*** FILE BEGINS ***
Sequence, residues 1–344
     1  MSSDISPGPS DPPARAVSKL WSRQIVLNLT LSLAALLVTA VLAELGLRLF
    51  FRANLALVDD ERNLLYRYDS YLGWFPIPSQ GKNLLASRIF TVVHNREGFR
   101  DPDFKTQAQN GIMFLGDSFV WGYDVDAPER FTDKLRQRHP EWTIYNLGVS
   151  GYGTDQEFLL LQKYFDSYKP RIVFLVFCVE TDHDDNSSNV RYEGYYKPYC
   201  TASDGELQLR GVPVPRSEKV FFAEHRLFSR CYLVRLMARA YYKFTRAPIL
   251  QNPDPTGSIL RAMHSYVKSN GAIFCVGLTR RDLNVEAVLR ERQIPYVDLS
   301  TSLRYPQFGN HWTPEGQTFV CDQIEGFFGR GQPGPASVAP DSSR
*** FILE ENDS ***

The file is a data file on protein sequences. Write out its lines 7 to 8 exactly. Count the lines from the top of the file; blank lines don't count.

   251  QNPDPTGSIL RAMHSYVKSN GAIFCVGLTR RDLNVEAVLR ERQIPYVDLS
   301  TSLRYPQFGN HWTPEGQTFV CDQIEGFFGR GQPGPASVAP DSSR